I digress. The point is, I was convinced that politics hovered more closely over Midland and the 40th Midland High School reunion than they had even in 1968. One of our classmates was rumored to have “saved” George W. Bush from the demon liquor. And John McCain had just recently spurned a fundraiser given by local oilman Clayton Williams, who’d made an unsuccessful run for Texas governor years ago. “It was that rape joke Claytie made in-what?-1990,” a Midlander told me. “That was 18 years ago. He already apologized for it. Hell, he called Ann Richards on her deathbed. What else does he have to do?”
Bad feelings toward McCain clearly persisted in Midland. I made a mental note to remember to mention that I’d heard McCain wasn’t really a conservative, kept his eyes open during evangelical prayers, and had suggested impeaching Bush and Cheney so Nancy Pelosi could become president.
I didn’t get the chance, though. Forget politics. The 40th reunion-held with the MHS class of 1967 and nearby Lee High School’s classes of 1967 and 1968-was as apolitical as high school in 1968. People squinted at nameplates with high school photos and too-small names. They swapped photos of kids and grandkids. They gathered around a table with 40-year-old photographs of those who had died, talking about cancer and suicide and unknown causes. A few danced; most didn’t bother. But the band was loud, and the lights were dim, and it was difficult to have a good conversation, even assuming you recognized anyone you wanted to talk to.
“Same old cliques,” sniffed one friend. The night before, he had mentioned wishing he could go back to high school knowing what he knows now. Why? “So I could be popular,” he’d said.
My husband and I spent time with him and other old friends from the high school band. We talked about whether we became nerds when we joined the band, or whether we joined the band because we were already nerds. Regardless, we agreed, it had given us a place to go, friends to be with. Band had made high school tolerable.
Talking about our memories, the other woman in our group-now a biology professor in New Mexico-and I had argued that girls had a far rougher time in high school in West Texas in the 1960s than the boys did. There was more pressure to be pretty and outgoing and popular-and, remember, not to act smart. If you didn’t meet those criteria, if you were as shy and awkward as we had been, high school was a painful experience. Boys, on the other hand, even if they weren’t bulky star athletes, had more freedom and less pressure to fit a narrow mold.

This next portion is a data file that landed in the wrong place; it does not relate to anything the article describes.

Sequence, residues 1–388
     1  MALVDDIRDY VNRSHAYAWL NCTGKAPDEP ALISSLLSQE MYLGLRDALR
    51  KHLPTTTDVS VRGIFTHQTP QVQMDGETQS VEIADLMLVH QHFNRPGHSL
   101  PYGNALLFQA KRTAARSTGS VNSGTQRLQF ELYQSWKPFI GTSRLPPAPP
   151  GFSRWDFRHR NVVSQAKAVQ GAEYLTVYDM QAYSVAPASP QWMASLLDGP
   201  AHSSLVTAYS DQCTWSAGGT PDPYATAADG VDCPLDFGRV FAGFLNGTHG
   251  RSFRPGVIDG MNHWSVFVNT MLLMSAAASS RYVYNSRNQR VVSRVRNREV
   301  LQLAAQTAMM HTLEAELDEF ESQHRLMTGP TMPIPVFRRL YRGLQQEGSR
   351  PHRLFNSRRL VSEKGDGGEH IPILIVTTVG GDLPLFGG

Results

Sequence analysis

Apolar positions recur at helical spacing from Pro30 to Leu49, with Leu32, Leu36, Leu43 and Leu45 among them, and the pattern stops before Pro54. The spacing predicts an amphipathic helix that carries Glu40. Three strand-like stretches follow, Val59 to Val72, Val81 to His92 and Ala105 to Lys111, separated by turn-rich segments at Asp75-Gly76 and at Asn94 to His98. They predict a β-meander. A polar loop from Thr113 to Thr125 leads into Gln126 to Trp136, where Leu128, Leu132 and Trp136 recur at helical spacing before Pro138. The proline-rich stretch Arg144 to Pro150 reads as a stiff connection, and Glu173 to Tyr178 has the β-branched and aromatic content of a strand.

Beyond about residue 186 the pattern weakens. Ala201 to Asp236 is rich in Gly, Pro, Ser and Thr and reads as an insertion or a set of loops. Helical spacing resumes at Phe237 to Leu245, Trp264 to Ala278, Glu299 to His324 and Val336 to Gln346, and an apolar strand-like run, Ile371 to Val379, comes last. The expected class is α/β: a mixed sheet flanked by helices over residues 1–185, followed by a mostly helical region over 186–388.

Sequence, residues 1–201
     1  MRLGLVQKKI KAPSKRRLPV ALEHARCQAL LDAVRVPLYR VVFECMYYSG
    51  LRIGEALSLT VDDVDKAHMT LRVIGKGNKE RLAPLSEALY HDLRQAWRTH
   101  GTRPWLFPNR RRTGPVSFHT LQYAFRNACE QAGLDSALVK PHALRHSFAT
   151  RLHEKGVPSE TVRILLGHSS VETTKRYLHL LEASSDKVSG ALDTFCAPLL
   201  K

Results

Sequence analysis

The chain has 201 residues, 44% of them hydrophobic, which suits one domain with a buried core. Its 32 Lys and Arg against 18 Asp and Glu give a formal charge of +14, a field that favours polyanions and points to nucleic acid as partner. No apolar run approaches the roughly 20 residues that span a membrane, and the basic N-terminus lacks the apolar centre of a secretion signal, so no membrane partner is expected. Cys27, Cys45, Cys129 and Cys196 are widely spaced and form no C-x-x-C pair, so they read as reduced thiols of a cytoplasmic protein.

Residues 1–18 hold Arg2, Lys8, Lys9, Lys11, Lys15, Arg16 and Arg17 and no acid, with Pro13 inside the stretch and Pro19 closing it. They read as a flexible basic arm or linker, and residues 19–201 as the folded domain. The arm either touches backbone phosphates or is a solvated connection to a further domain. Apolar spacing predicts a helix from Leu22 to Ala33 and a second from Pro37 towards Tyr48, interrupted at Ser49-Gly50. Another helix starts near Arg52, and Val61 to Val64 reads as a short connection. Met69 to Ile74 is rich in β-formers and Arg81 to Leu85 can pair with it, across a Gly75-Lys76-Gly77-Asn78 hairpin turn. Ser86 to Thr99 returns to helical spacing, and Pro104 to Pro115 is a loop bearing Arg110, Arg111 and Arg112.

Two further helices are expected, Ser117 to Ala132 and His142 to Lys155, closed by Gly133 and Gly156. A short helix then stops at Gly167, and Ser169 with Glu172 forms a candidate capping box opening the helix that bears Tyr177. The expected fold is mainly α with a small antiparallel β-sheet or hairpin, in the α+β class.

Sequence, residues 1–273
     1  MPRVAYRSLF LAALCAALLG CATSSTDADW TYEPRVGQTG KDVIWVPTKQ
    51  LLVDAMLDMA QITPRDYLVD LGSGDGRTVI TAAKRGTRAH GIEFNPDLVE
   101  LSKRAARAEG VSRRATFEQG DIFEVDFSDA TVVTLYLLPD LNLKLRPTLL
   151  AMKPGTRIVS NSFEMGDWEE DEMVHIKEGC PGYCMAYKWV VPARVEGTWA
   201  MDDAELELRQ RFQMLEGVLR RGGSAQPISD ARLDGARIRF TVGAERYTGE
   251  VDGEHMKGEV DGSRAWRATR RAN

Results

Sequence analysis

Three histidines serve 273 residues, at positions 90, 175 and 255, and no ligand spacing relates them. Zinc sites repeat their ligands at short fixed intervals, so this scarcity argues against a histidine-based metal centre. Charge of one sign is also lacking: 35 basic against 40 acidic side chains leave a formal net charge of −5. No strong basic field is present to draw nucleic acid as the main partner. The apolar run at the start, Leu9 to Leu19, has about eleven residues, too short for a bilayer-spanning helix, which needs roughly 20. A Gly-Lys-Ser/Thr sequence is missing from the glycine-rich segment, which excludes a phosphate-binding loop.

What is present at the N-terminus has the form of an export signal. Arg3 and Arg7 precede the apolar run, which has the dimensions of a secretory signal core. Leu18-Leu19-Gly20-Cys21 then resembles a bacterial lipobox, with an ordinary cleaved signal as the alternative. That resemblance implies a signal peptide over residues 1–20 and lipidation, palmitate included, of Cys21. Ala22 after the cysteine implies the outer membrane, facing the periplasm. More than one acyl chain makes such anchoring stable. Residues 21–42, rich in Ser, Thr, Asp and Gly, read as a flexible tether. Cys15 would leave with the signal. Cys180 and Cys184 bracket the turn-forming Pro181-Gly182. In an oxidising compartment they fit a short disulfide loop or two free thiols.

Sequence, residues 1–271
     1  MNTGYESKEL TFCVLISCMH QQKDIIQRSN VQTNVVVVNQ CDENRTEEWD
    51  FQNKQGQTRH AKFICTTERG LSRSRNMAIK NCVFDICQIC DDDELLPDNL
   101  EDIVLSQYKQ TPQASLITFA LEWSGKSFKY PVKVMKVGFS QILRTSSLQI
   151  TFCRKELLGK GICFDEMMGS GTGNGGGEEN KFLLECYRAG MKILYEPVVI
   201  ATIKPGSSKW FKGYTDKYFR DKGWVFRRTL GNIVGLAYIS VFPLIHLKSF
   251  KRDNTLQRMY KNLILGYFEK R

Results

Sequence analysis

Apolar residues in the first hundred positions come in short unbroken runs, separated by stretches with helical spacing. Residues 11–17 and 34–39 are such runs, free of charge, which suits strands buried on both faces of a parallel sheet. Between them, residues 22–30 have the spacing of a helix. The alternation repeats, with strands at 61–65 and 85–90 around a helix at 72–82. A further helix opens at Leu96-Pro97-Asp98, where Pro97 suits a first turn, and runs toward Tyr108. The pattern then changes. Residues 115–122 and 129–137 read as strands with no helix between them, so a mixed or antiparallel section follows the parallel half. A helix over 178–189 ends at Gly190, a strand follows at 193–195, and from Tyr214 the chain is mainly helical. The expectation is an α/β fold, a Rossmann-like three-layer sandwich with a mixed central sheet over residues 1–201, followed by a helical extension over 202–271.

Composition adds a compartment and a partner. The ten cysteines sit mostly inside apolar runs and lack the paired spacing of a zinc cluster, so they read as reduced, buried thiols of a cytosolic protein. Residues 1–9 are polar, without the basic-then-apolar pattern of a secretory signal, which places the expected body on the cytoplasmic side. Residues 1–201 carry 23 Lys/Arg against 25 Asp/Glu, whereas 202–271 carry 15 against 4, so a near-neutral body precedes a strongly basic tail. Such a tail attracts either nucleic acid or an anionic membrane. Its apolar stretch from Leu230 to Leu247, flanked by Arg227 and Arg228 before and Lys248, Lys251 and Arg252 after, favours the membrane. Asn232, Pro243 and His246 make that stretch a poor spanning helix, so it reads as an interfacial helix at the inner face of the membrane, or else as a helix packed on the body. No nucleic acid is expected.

Now, even after 40 years, it’s remarkable how potent and vivid those memories are. All I can think is that, when you’re that young and everything is new, you’re imprinted more deeply by your experiences.
“I never dated much then,” said the guy who wanted to go back to high school and be popular. “But you know, there weren’t any girls worth dating in the band, anyway.”
He looked at the rest of us, the small group including two of those former girls he was talking about. How odd that after all those decades, after college and advanced degrees, husbands, children, feminism, a long list of professional and personal accomplishments between us, his remark still had the power to wound.
“You went to your high school reunion?” my yoga pal Ron Deutsch said after we got back. He stared at me, dumbstruck by my cluelessness. He shook his head. “You know, I told a European friend of mine that if he wants to understand Americans, he needs to understand American high schools. People here spend the rest of their lives trying to make up for what they were in high school-or trying to escape from it.”
Maybe I should have talked to him before I went to the damned thing. It wasn’t political. It wasn’t transformative. It was still high school, after all these years, reminding me of some almost-forgotten essence of myself. Just when I thought I’d gotten out of it, it pulled me right back in.
Ruth Pennebaker is an Austin writer, public radio commentator, and blogger at www.geezersisters.wordpress.com.